The dominant genre of 2018 continued to be superheroes; even with the “X-Men” Universe and DC Extended Universe releasing only one film each, the three Marvel Cinematic Universe movies were impossible to overlook. Still, this was a less blockbustery year than 2017, and by year’s end I had seen at least one really good film in every genre. From a throwback thriller to an arthouse gem, here are my 10 favorite films of 2018.
“BlacKkKlansman” continues the trend of films based on true stories – along with the likes of “I, Tonya” and “The Disaster Artist” – that would be labeled as illogically plotted if they were fictional. This Spike Lee joint is the story of Ron Stallworth, not the Steelers player but rather a Colorado Springs detective who infiltrated the Ku Klux Klan as an undercover detective in the 1970s, despite being black.
“Adrift” is the true story of Tami Oldham (Shailene Woodley) and Richard Sharp (Sam Claflin), who accept an offer from a wealthy couple to sail their boat from Tahiti to California. Along the way they encounter one of the most catastrophic hurricanes in history, causing their boat to be wrecked and stranded at sea. As the film unfolds through a series of flashbacks, we live through the buildup of their relationship as well as the disaster itself.
Season 1 of the documentary “Making a Murderer” was a cultural phenomenon when it premiered in December 2015. Everyone was talking about it, so it was something I had to watch. The series is very one-sided, siding with the accused, claiming he is innocent, and the show-makers do an incredible job of convincing the viewer. The show itself is really addictive as each of the 10 episodes is presented in a way that there are cliffhangers – a certain piece of evidence found or a break in the case, for example.
Director and co-writer Gus Van Sant channels some of the character- and relationship-building magic of “Good Will Hunting” in “Don’t Worry, He Won’t Get Far on Foot,” which delivers a message that a good life can grow out of horrible circumstances if one works at it. Yet this film – which is still playing in some arthouse theaters — is never preachy.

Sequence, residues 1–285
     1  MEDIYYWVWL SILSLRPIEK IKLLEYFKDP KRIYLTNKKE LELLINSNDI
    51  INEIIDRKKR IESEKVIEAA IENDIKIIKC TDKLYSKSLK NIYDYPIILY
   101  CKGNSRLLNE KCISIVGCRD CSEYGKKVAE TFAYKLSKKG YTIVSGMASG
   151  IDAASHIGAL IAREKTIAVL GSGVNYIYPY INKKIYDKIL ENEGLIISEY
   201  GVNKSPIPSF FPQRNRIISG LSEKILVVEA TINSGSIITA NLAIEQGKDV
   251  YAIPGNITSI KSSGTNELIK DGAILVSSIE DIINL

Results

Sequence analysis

If there’s an award for set design successfully mimicking reality, “Borg vs McEnroe” – now available on home video – should win it. I’ve seen the 1980 Wimbledon final on DVD, so I couldn’t help but watch the film’s final act with a technical eye. The art department obviously pored over the footage to re-create the details: the white tennis balls (even though they don’t show up well on screen), the wheelchair seats being practically on the court, the way the players’ chairs are at 90-degree angles to one another. Unfortunately, the film didn’t get a Coke sponsorship, so we miss out on the now-bizarre fact that players drank soda on changeovers.
One of my bosses encouraged us to attend “The Post” (2017) – which recently got a wide theatrical release – to rekindle our passion for newspapering. The film encourages some of that spirit, no doubt, but overall it left me sad. It’s a great movie about the Washington Post’s decision to publish highlights of the Top Secret Pentagon Papers in 1971, very much a welcome addition to the pantheon of journalism movies, but Steven Spielberg’s entry feels curiously out of time more so than, say, 2015’s “Spotlight.”
Last week I was scrolling through Netflix looking for something to pass the time. I came across “Manhunt: Unabomber” (2017, Discovery Channel) and decided to give it a shot. I ended up watching all eight episodes in two days.
When I first got into tennis fandom and learned about the Billie Jean King-Bobby Riggs Battle of the Sexes of the 1970s, I assumed it was some sort of novelty sideshow. After all, when Agassi and Federer played on a rooftop, and when Federer and Nadal played on a half-grass, half-clay court, it was news for about an hour. And does anyone even remember that Serena and Venus challenged male journeyman Karsten Braasch in 1998? (He beat them both.)
Available via streaming and Redbox, “Chuck” was quietly in and out of theaters in 2017. The biopic’s titular character, Chuck Wepner (Liev Schreiber), is also under the radar: He was a local legend in Bayonne, N.J., and had a brush with national sporting fame in 1974 when he made it into the 15th round against Muhammad Ali before losing via TKO. This inspired Sylvester Stallone when writing “Rocky,” and for a time it was well-known that Wepner inspired the film’s boxing arc and Rocky’s job as a debt collector, but the public’s knowledge faded with time.